Skip to Content

Related News

  • Related News

  • National Preparedness Month: Older adults take control in 1, 2, 3

    We know older adults can face greater risks when it comes to the extreme weather events and emergencies we face, especially if they are living alone, are low-income, have a disability, depend on electricity for medical needs, or live in rural areas.

    Find Out More
  • Women in STEM: EWEB Engineer Laura Ohman's second degree brings a lifetime of benefits

    EWEB Engineer Laura Ohman shares how getting her second degree was one of the most difficult and rewarding things she's ever accomplished.

    Find Out More
  • Bethel neighbors boost emergency preparedness during Emergency Water Station event

    Staff gave out about 300 emergency water containers to enthusiastic community members eager to learn more about the water station.

    Find Out More
  • Stay cool during extreme heat events

    With temperatures forecasted to reach over 100 degrees over the next several days, we've prepared some tips and tricks to help you stay cool.

    Find Out More
  • Women in STEM: Meet our servant leader and maker of tough decisions

    Karen Kelley, Chief Operations Officer at EWEB, describes herself as a "servant leader," offering support and mentoring to four division managers at EWEB.

    Find Out More
  • Show More
EWEB Conducts Emergency Outage Drill

October 18, 2019

Picture of snowstorm and line crews working with a "Emergency Training Drill" banner

The weather on Thursday may have been a mixture of sun and rain showers, but inside the EWEB emergency command center, a mock snow and ice storm had caused widespread damage, leaving more than 7,000 customers without service. That was the basis for the utility's annual emergency outage exercise.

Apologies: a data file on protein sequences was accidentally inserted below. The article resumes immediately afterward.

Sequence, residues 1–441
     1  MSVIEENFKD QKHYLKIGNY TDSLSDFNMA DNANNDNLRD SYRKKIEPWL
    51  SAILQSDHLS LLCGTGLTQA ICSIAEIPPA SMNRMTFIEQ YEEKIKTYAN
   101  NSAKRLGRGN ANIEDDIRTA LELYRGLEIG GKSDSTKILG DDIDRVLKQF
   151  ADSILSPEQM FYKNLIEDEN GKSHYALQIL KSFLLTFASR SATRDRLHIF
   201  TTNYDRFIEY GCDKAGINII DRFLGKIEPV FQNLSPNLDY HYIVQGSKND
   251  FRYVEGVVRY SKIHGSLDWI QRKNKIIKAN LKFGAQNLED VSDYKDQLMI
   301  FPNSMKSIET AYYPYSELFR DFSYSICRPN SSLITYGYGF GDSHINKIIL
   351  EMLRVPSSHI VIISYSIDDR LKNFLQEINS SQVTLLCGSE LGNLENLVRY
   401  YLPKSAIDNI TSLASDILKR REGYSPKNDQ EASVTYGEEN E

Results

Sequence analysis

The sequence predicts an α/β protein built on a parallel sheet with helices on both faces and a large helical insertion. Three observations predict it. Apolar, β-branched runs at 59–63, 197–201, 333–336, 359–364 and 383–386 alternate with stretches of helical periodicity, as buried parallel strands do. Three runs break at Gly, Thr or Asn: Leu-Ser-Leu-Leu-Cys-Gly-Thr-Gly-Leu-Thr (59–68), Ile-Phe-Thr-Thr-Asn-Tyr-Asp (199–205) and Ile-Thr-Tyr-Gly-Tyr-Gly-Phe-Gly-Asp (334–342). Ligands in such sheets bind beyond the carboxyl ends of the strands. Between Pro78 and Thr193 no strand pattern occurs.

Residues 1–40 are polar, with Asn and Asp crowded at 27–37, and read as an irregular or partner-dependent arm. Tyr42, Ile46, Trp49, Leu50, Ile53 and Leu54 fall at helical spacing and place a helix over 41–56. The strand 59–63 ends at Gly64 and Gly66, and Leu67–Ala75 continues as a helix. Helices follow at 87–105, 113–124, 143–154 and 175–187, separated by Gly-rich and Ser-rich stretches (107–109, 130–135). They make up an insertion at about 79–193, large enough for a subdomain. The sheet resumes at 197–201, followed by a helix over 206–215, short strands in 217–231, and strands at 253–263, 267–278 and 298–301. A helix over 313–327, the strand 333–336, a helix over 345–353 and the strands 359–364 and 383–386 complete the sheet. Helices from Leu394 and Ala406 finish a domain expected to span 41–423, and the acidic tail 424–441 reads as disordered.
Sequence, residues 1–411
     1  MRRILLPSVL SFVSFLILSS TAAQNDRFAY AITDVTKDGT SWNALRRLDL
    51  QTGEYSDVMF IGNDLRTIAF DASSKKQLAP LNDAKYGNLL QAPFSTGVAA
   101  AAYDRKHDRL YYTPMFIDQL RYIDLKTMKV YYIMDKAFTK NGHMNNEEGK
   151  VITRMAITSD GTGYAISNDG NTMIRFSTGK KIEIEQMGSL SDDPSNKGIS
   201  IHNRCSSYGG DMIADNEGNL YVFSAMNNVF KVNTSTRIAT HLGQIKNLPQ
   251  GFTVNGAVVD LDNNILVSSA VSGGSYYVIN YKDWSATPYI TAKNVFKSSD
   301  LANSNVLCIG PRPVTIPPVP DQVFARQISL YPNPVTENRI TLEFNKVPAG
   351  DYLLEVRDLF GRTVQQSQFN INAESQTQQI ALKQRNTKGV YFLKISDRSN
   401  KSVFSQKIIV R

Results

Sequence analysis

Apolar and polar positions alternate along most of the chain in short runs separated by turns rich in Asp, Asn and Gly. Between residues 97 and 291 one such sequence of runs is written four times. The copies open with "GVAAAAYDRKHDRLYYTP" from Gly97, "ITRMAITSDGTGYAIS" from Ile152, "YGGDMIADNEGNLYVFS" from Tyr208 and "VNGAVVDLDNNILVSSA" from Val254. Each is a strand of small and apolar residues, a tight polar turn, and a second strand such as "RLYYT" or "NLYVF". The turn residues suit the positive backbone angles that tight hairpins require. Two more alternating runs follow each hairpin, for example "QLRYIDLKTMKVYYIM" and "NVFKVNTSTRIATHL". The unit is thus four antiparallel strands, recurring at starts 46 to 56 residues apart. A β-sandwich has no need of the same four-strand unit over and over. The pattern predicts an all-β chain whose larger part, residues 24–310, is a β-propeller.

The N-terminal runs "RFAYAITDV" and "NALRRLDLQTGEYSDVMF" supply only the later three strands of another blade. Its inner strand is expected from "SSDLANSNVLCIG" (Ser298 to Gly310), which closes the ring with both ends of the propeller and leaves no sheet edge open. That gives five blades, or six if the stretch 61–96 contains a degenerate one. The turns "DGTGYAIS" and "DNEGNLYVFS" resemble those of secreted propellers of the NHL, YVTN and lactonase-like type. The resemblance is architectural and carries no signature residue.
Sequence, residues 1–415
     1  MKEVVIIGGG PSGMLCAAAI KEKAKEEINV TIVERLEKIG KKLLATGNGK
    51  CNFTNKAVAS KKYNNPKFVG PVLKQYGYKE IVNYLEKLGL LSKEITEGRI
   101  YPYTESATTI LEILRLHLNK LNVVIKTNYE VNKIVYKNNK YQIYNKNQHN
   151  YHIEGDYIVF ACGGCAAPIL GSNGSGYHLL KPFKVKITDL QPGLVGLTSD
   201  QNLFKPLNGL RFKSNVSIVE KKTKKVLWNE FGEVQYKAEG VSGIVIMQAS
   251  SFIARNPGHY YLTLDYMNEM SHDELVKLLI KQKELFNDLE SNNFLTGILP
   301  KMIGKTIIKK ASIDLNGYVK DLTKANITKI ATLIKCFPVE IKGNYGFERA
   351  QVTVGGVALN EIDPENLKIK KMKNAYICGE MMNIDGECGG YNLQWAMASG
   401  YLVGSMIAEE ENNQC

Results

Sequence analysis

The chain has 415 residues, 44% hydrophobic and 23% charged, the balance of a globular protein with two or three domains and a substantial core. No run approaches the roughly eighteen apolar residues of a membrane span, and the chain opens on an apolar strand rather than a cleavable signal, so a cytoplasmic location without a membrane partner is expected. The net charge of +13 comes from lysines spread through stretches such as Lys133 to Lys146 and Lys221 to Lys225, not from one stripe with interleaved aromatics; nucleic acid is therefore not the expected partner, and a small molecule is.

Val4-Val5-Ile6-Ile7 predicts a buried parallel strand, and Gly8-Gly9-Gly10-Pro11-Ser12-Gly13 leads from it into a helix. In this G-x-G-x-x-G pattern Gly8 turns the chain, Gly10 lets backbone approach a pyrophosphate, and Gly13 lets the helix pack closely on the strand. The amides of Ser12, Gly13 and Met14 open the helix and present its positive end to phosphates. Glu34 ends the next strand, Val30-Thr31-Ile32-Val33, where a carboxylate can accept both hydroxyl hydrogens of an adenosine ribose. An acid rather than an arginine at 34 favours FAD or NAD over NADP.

The exercise is referred to as a "Blue Sky Drill" because the practice occurs ahead of winter storm season. "We can come in on a regular day, a blue sky day, and work through our outage response so that when a real emergency happens, we're prepared and ready to go to work," says EWEB's Electric Operations Supervisor John Latourette.

The drills help identify gaps in plans and training, develop skills, reveal resource needs and improve internal and external coordination. 

In a major event such as the 2019 and 2016 snow and ice storms that struck Eugene, nearly every one of EWEB's 500-person workforce has some role in the restoration effort. In addition to crews working in the field, staff work behind the scenes to develop engineering and restoration designs, keep trucks running, coordinate with city and county agencies, keep our customers informed, and dozens of other critical tasks.

Drills enable employees throughout the utility to test their skills and practice working together in a simulated emergency environment, complete with curveballs such as technology problems that make it hard for customers to reach the utility, and worsening weather conditions that impede restoration efforts.

"Responding to a major event is a complex, utility-wide effort, not something that line crews do on their own," says Latourette. "In storms like 2016 and 2019, it's all-hands-on-deck, and it's critical that we practice those skills and collaboration."

Following the devastating ice storm that struck Eugene in December 2016, EWEB has focused on emergency preparedness and disaster recovery as a strategic priority. Building on lessons learned from that storm, we implemented new processes and procedures to restore power more efficiently and improve the information we share with customers, including an online outage map launched in 2018.

This continued attention to emergency preparedness will aid EWEB in protecting life and property in future winter storms and other potential disasters.